Farm bill passage means funding for specialty crop research in Whatcom County

THE BELLINGHAM HERALDFebruary 4, 2014 

Raspberry harvest Whatcom County

Maria DeGollao sorts raspberries on a berry harvester during the first picking on the Ehlers farm Thursday, June 27, 2013, north of Lynden.

PHILIP A. DWYER — THE BELLINGHAM HERALD Buy Photo

One aspect of the federal farm bill that will benefit Whatcom County is funding for specialty crop research.

After years of setbacks, the Senate on Tuesday sent the nearly $100 billion-a-year measure to President Barack Obama. The White House said the president will sign the bill on Friday in Michigan, the home state of Senate Agriculture Chairwoman Debbie Stabenow.

The bill included funding for block grants, which are important to local farmers, especially those who grow raspberries and blueberries, said Henry Bierlink, executive director of the Washington Red Raspberry Commission and Whatcom Farm Friends.

Last fall Whatcom County agencies received about $345,000 in block grants for a variety of research projects, including work on improving raspberry cane management and reducing the amount of chemical residue from sprays that protect blueberries from insects.

"We rely on those (grants), especially for the research that can help the berry industry," he said.

Another key aspect of the farm bill, passed by Congress Tuesday, Feb. 4, replaces the cash payment system for farmers with crop insurance. Bierlink said that's not something that happens often in Whatcom County, but Whatcom Farm Friends will help farmers understand the changes.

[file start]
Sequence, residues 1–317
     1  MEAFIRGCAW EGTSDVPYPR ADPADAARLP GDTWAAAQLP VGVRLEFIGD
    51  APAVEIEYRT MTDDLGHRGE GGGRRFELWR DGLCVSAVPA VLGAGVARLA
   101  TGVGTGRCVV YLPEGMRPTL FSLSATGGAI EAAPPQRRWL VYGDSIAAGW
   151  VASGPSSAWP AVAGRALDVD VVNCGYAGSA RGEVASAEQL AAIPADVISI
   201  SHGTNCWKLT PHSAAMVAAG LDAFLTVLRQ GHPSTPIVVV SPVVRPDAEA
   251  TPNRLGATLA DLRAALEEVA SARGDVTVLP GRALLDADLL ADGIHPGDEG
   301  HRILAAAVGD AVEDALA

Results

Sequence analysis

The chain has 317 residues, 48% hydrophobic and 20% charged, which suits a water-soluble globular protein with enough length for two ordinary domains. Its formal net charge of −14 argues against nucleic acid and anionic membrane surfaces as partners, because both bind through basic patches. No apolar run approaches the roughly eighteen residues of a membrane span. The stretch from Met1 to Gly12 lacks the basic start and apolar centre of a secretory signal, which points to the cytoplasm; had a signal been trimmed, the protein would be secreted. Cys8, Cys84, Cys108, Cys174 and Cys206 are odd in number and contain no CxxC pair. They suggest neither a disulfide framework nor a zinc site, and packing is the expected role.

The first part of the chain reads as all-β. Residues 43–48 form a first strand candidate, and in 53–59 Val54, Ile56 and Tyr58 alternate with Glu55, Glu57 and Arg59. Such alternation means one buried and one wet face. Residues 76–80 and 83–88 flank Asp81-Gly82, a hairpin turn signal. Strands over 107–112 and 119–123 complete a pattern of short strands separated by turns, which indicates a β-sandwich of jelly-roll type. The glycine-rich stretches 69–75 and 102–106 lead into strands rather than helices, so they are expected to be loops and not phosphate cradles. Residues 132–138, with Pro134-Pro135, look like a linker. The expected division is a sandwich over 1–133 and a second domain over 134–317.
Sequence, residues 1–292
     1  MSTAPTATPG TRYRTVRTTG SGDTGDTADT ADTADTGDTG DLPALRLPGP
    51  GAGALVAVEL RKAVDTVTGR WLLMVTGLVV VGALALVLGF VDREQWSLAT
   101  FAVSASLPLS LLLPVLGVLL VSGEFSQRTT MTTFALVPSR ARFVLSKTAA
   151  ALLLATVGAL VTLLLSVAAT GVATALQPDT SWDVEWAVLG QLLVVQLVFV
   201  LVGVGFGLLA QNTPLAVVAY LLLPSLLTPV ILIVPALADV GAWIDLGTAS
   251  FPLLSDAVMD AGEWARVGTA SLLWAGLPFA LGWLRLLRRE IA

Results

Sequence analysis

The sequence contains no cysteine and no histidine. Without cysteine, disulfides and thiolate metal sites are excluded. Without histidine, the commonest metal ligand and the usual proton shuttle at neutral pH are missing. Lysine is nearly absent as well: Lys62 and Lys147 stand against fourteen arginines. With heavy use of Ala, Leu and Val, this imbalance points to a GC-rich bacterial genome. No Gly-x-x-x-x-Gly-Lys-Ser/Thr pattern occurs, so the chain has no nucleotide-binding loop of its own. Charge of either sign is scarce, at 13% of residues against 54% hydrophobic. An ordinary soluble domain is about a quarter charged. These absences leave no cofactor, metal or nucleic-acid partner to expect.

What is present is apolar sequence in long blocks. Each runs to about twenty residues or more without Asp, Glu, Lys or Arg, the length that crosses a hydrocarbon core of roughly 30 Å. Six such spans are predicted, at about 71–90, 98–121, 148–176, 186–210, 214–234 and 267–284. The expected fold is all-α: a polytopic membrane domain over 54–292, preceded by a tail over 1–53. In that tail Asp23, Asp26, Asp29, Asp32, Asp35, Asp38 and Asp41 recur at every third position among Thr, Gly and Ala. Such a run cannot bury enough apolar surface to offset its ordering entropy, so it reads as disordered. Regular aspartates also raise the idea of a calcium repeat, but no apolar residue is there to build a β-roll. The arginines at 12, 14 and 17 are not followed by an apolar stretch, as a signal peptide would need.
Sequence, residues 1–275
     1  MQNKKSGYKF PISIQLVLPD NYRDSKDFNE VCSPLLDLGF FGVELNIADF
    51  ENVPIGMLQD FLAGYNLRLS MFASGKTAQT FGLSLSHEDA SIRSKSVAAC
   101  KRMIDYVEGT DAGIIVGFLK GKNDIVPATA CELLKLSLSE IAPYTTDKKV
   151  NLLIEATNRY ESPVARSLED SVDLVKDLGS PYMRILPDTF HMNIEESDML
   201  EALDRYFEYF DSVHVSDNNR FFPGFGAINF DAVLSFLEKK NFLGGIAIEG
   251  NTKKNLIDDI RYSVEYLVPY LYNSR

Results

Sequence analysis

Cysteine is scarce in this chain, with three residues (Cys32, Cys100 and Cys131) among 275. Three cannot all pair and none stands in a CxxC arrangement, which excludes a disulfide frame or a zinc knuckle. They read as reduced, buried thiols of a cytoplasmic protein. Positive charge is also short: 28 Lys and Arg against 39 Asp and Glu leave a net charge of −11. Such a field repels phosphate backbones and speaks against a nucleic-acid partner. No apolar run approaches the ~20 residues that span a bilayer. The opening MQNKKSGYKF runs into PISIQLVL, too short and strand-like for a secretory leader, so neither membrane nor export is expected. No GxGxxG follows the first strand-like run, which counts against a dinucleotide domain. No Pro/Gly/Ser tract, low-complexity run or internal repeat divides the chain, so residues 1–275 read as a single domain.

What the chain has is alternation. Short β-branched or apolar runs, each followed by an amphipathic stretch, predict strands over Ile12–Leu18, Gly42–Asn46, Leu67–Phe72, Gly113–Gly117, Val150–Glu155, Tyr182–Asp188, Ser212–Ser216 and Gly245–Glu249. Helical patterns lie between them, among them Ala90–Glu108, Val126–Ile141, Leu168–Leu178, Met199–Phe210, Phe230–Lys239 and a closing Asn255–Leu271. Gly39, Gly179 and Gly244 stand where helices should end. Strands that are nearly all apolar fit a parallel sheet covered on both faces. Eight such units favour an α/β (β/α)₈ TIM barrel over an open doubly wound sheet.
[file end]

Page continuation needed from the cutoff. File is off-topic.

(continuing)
"I think it's a step in the right direction," Bierlink said. "Farmers are already talking about it, so that's a good sign."

The Senate passed the bill 68-32 after House passage last week. The bill provides a financial cushion for farmers who face unpredictable weather and market conditions. It also provides subsidies for rural communities and environmentally-sensitive land. But the bulk of its cost is for the food stamp program, which aids 1 in 7 Americans. The bill would cut food stamps by $800 million a year, or around 1 percent.

Associated Press contributed to this report.

Reach Business Editor Dave Gallagher at 360-715-2269 or dave.gallagher@bellinghamherald.com. Read the Business Blog at bellinghamherald.com/business-blog or get updates on Twitter at @bhamheraldbiz.

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